Oklahoma’s income tax is one of the largest sources of revenue for the state. As such, it is often one of the first places those seeking to grow government look for more revenue. During the state’s last recession, despite the fact that oil prices plunged, income tax cuts were repeatedly cited as the reason for the state’s shortfalls. But as I’ve pointed out before, those playing this blame game fail to acknowledge how money walks.
It turns out that even in good times there are some who still believe more revenue is needed. With Oklahoma’s state revenues reaching historic highs throughout 2019 and early 2020, a few bills were filed to raise the income tax. HB 1453, HB 3042, and HB 3138 all sought to increase the income tax paid by Oklahomans.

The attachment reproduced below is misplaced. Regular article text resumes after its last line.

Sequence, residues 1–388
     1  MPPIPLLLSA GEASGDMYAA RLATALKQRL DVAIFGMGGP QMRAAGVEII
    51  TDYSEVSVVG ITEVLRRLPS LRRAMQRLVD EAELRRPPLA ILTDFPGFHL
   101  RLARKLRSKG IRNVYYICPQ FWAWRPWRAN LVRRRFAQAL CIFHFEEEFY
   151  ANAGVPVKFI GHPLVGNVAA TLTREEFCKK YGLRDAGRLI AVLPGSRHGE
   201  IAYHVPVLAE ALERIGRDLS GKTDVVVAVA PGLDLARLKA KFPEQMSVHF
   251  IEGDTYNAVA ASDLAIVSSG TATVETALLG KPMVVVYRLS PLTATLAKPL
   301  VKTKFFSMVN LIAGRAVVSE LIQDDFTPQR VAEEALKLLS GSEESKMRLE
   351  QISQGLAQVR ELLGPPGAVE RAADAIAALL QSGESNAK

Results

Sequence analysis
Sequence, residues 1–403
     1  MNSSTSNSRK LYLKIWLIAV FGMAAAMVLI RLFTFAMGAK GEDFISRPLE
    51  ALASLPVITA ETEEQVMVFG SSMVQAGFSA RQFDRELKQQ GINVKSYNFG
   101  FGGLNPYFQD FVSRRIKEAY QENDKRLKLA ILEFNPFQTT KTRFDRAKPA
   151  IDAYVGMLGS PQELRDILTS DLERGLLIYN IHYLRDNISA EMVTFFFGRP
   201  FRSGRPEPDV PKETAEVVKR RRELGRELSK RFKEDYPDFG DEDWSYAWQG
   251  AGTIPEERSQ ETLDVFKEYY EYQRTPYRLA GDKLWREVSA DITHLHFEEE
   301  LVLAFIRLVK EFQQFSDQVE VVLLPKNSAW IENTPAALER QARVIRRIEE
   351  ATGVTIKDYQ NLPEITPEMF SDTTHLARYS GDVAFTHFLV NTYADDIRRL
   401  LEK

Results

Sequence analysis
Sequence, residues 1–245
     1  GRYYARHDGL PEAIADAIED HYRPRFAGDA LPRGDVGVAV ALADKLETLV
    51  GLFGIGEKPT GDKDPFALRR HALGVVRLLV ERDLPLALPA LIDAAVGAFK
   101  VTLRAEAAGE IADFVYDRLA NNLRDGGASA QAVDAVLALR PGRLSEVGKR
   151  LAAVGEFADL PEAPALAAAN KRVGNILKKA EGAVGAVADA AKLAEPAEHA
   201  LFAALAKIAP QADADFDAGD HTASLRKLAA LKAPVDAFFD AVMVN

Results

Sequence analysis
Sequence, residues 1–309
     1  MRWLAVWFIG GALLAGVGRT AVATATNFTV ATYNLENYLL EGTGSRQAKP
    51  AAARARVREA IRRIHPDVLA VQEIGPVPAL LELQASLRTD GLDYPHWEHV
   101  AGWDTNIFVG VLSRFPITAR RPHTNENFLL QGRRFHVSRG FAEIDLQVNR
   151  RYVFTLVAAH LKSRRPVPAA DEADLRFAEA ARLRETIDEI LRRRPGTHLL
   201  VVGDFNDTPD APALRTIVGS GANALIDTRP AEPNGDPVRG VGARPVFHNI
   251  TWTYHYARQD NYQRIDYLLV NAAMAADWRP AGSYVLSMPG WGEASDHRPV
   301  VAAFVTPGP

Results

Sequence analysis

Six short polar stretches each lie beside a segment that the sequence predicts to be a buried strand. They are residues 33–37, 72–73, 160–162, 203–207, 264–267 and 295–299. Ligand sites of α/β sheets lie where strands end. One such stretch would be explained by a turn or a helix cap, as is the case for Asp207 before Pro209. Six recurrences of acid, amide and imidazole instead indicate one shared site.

It is a basic principle that the more you tax something the less of it you get. So, taxing a person’s income disincentivizes work. Whether the economy is growing or shrinking, less work is never a good thing. And in the wake of the COVID-19 shutdown, with unemployment reaching record levels, another penalty on work would have been disastrous.
[This is one in a series of articles about legislation included on OCPA’s 2020 legislative scorecard.]